It’s harder to speculate on the private language of a Dalek and the inhabitants of George Orwell’s 1984 for example, because it was ultimately a philosophy. It suggests there is a finite distinction between a private and social language. Winston Smith, when finally converted to loving Big Brother, may still resent and abhor the regime in his mind, but without the ability to overtly express it he is a prisoner to his own language capabilities. There is no power to create a flexible social world.


This may enhance the Dalek’s villainy, but what about humans? This is not just a human vs alien argument. It would be assumed that the Daleks’ other worldliness, their extraterrestrial being-ness would make them more scary for viewers. But it would arguably be much more scary if they had gone through this transformation from once human to alien.


The classic Zimbardo prison study where the participants of the study were split into either prisoners or guards demonstrated how If given orders, people can easily lose empathy. The guards gradually became more sadistic to those who had to act as prisoners (and it must be remembered these were not actual prisoners but people who were also participants in the study). As a result, Zimbardo had to call a premature end to the study. Anybody familiar with the Milgram study, which had similar aims, will understand how people can be quite easily made to inflict misery on another person when they are in a state of subordination to a higher power. Even more so, this highlighted how atrocities like the Holocaust can occur. All this adds up to paint a rather vivid context in which the Daleks operate. They may seem like silly looking aliens to an outsider, but they have been expertly written to reflect the social and cultural context of society’s fears of the past and the future.


If anything, the Daleks tell us more about ourselves than their perception as a prop in a sci-fi television show – as some people might see them. In Nazi Germany, who were the Prison Guards that were caught up in an extreme regime of fascism? It’s highly unlikely they were all brought up to be evil workers of Hitler, but were most likely everyday people caught up In the nihilistic rhetoric and subordination of higher order. It also tells us the power of language, rhetoric and discourse. Orwell, and then writers of Doctor Who both recognise this. You can torture the most resilient, but you can win over the masses with cleverly nuanced rhetoric, good or evil, and this what the leaders of our day do.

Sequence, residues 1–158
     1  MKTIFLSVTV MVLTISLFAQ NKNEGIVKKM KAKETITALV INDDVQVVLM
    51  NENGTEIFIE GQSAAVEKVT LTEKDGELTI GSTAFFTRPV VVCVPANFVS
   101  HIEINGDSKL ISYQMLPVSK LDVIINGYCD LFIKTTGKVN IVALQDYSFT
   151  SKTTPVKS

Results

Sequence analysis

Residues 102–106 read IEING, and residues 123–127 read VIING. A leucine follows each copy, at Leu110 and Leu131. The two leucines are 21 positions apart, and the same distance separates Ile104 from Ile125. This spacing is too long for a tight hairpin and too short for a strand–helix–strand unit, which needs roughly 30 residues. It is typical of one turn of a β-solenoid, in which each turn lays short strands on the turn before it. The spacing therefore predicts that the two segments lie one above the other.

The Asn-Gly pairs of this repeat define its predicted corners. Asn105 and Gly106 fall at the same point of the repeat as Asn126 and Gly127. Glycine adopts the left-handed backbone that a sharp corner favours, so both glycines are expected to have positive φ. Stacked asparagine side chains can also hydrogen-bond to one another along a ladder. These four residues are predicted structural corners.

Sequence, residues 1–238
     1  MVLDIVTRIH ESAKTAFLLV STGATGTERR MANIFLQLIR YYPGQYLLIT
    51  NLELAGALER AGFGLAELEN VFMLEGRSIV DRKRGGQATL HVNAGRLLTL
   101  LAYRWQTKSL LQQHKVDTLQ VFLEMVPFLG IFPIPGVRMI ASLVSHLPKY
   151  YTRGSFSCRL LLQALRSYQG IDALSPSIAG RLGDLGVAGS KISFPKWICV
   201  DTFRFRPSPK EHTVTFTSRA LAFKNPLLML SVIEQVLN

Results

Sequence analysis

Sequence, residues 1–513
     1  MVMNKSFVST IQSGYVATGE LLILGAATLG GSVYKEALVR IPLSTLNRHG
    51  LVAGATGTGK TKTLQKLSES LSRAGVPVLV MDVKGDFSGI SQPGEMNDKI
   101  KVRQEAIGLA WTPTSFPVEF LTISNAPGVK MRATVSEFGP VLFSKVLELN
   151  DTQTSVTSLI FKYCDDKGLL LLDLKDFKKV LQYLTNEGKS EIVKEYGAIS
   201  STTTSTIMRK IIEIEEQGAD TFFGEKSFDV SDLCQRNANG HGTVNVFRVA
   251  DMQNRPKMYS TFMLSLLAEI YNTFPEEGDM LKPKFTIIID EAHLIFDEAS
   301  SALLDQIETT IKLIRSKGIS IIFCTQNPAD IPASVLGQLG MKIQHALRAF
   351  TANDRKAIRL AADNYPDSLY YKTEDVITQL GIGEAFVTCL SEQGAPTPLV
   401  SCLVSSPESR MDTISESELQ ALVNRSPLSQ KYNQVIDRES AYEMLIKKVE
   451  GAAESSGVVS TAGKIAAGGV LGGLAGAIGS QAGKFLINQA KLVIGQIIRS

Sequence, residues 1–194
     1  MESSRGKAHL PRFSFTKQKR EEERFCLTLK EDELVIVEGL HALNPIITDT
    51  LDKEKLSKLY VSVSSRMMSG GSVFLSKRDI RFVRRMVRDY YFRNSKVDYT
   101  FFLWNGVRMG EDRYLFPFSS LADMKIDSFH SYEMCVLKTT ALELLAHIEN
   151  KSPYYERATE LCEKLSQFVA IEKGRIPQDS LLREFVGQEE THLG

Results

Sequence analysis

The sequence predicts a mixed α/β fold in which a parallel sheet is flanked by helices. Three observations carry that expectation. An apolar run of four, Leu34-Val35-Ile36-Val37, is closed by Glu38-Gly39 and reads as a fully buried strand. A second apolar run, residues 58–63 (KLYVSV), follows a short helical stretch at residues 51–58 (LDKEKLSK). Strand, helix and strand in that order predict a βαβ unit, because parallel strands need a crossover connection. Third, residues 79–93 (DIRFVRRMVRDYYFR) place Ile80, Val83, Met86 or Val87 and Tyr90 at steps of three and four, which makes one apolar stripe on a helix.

In the past language and its repercussions have been, sometimes, ignored. Social constructionists have followed on from Wittgenstein, and a postmodern stance on not just language but psychology itself. Instead of focusing on numbers and statistics as sources of information, discourse psychology focuses on specific language use instead of the mind as computational device. This is also potentially what makes the Daleks more relevant. Modernism in culture peaked after the first world war, and despite cognitive science not gaining ground until the late 1950’s it is easy to see its influence; it emphasizes structure over process, information over meaning; one can see the human mind structured like a cubist painting. Modernism was psychology wanting to be a science, psychology wanting to tell the truth.


Humans were constantly being regarded in this mechanistic metaphor and still are. Culture was being ignored and traditional western science and psychology was bound in the individualism that capitalism can create. Indeed postmodern psychology is postcognitive. The boundaries of the world are created by discourse, which means they are not set in stone, they are not technically there. Its inhabitants are continually creating, reaffirming and changing them with their use of discourse and its constructions. It is real world.


One particular take on it is how the media can enforce anti-semitic and fascist ideology through its rhetoric. Michael Billig in Banal Nationalism explores how the these hidden ideologies can be reinforced and are prevalent throughout the media. Billig highlighted how the division of ‘domestic’ and ‘international’ news almost makes it an implicit and subliminal – which makes it all the more worrying. This is all achieved through language use and rhetoric.


This is just one of the instances of the applicability of studying language, as cognitivism, potentially dies away (although it will questionably never be left as a paradigm in the Kuhn sense) there is a door open for a post modern stance to psychology and human behaviour. But what about the Daleks? Exteriors aside, they have been one of the most famous villains and have played a monumental part in the longest running sci-fi show on the planet. Certainly in its old format before the return in the 2000’s, they provided fear for the youth of the 60’s, 70’s and 80’s. Originally their context has played a big part in why this is so, the 20th century was a turbulent decade. Here I’ve presented the case that they represent the power of language and how this seemingly human invention can be used more destructively than any gun or weapon. The Dalek’s, though, also represent fear; the fear what made Orwell write 1984 – our fear of what we could turn into, emotionless beings ruled and conquered in a perpetual war zone.


Humans evolved to produce language, its what sets us apart from the rest of the animal kingdom, but we will continue to evolve, but in too what, and language is certain to be a prime factor in the moulding of our minds and societies. A future without emotions, would be a future a lot more frightening than a future without language.

The new series of Doctor Who airs this saturday on BBC1. Doctor Who and Philosophy: Bigger on the Inside is published by Open Court Press. 1984 by George Orwell is published by Penguin, and there is a wealth of information about social constructionism, sapir-whorf hypothesis, and Wittgenstein wherever you want to find it. This essay also featured on